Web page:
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Suppose a private network and a public network are connected by a router or some other device.

After a host in the private network sends a message (e.g. a HTTP request) to a host in the public network,

  • is it correct that the second host can't send a message (e.g. a HTTP response) back to the first host, by only using layer 3 (IP address and network address translation device), because all the private IP addresses in the private network are mapped to the same public IP address?

  • is it correct that the second host can only send a message (e.g. a HTTP response) back to the first host, by using the layer 4 (port and some (network and) port address translation device)?

Thanks.

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    This is a weird question... Could you elaborate where your problem is? – Zac67 Mar 19 '19 at 14:33
  • I would like to separate responsibilities of different layers (layer 3 and higher layer(s) here) – Tim Mar 19 '19 at 15:00
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    Responsibilities are separated between layers, that's the whole point of a layering model. NAT messes that up, but it's an ugly hack anyway. – Zac67 Mar 19 '19 at 18:11
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There is nothing inherent about the IP protocol that separates public and private addresses. To the computer or router, they are all the same. We agree that as a policy, we define certain addresses ranges as private-- meaning they will not be routed over the public Internet so they do not have to be globally unique.

is it correct that the second host can't send a message (e.g. a HTTP response) back to the first host, by only using layer 3 (IP address and network address translation device), because all the private IP addresses in the private network are mapped to the same public IP address?

Your question doesn't really make sense. An HTTP response is encapsulated in a TCP segment, so I don't know how one can send a response using "only layer 3"

The most common form of address translation (and the one you are referring to) is Network and Port Translation (NAPT). both the source address and port are translated to another address/port (usually a single IP address, but unique port). The NAPT device keeps track of the translations so it can forward return traffic.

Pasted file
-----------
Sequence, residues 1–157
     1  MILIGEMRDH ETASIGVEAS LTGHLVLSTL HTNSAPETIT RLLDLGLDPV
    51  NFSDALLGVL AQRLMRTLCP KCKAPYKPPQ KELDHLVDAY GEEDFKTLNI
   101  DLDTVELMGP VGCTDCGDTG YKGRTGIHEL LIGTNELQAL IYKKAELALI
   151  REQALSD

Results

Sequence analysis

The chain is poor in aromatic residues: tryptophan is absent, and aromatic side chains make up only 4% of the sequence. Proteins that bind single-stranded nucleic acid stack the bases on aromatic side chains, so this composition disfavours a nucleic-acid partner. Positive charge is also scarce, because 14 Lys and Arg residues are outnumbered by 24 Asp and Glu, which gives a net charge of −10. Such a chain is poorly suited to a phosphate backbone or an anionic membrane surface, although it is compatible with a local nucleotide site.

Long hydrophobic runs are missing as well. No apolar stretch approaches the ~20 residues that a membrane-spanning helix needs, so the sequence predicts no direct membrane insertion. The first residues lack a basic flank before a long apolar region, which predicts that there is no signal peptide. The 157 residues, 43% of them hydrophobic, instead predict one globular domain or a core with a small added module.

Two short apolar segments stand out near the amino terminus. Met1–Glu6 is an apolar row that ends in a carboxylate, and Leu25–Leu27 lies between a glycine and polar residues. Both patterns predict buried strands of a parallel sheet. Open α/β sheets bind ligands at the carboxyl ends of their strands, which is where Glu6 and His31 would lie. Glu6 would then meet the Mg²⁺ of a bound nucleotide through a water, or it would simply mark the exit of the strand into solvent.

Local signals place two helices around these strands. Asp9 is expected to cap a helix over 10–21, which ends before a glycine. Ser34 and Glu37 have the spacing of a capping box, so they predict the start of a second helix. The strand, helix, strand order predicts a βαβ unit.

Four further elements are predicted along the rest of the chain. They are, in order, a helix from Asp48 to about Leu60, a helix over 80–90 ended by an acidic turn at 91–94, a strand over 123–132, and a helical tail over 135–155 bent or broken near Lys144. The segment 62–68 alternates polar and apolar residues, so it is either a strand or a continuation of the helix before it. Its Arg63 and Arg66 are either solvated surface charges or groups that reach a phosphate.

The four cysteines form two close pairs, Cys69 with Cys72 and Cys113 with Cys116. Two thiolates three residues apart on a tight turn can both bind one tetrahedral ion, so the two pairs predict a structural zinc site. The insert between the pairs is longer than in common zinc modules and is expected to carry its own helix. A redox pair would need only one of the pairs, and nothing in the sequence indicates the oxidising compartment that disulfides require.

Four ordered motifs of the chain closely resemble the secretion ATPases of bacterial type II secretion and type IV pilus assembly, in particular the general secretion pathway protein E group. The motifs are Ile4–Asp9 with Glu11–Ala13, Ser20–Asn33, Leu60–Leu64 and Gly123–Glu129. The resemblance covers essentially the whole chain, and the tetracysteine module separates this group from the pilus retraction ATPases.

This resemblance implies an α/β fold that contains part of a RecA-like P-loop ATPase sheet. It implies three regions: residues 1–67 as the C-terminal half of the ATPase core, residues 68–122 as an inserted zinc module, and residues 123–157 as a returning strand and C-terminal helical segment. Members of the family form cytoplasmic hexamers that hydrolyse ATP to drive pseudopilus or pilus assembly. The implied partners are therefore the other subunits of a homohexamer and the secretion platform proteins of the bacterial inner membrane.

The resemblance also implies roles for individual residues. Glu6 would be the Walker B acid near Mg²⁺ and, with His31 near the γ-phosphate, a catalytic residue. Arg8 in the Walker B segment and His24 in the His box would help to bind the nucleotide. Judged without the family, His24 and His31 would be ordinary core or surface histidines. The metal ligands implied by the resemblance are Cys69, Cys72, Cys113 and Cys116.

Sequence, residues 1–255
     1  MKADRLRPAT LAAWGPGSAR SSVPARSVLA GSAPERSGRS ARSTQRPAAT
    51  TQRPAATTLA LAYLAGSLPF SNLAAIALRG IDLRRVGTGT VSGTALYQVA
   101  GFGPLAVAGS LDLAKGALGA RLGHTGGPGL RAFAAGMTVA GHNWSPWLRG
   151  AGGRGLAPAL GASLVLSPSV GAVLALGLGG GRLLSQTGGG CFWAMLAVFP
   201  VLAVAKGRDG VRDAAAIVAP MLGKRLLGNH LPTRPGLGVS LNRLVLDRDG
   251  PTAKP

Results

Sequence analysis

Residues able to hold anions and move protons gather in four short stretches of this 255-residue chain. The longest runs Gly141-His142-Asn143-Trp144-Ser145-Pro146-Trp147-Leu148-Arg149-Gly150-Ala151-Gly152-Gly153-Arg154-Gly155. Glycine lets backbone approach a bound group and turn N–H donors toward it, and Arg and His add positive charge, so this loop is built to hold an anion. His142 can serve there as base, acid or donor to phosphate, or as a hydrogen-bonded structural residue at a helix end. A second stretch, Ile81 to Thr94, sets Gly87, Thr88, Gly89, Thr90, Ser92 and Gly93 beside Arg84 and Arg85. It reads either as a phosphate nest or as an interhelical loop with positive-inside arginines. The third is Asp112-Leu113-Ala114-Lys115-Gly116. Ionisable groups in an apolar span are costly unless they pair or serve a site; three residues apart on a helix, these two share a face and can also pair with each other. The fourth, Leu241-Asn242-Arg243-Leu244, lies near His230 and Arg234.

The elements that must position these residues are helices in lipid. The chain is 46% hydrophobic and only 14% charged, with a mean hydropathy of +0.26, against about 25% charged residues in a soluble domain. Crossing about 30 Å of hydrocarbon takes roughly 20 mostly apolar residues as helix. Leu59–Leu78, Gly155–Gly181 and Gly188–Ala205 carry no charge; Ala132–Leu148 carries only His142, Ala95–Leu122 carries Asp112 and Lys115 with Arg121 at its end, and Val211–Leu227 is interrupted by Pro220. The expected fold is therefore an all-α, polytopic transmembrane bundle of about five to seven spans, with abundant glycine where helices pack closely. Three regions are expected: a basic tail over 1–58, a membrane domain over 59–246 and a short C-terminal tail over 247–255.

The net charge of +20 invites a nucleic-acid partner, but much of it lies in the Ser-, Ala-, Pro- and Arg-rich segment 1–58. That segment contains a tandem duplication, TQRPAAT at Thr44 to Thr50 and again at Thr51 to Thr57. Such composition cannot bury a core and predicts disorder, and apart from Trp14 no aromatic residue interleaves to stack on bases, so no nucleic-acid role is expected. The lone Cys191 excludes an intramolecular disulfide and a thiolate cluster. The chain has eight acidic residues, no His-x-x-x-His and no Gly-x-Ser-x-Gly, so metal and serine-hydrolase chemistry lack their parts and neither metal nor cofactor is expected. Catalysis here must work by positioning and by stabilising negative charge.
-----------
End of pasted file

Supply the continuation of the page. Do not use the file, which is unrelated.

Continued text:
When NAT does not include port translation, then there is always a one-to-one relationship between the original address and the translated address, never many-to-one.

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  • "When NAT does not include port translation, then there is always a one-to-one relationship between the original address and the translated address", so can the host outside send a response to the original host inside, using layer 3 alone? – Tim Mar 19 '19 at 16:11
  • I'm not sure what you mean by "layer 3 alone." – Ron Trunk Mar 19 '19 at 16:13
  • "When NAT does not include port translation, then there is always a one-to-one relationship between the original address and the translated address, never many-to-one." Do you mean there are multiple public IP addresses available for the NAT to translate the private IP addresses to? – Tim Mar 19 '19 at 21:42
  • Yes, precisely. – Ron Trunk Mar 19 '19 at 22:11
  • I believe @Tim is asking whether NAPT requires the use of a layer-4 protocol that the NAPT device understands. To which the answer is, it does. – user253751 Mar 20 '19 at 7:17
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Communication between public IPv4 and private IPv4 requires a form of NAT working in both directions.

Host applications communicate using application-layer protocols encapsulated by transport-layer protocols (encapsulated by network-layer protcols, ...). They cannot communicate "by layer 3 alone". (Depending on your definition of "communicate".)

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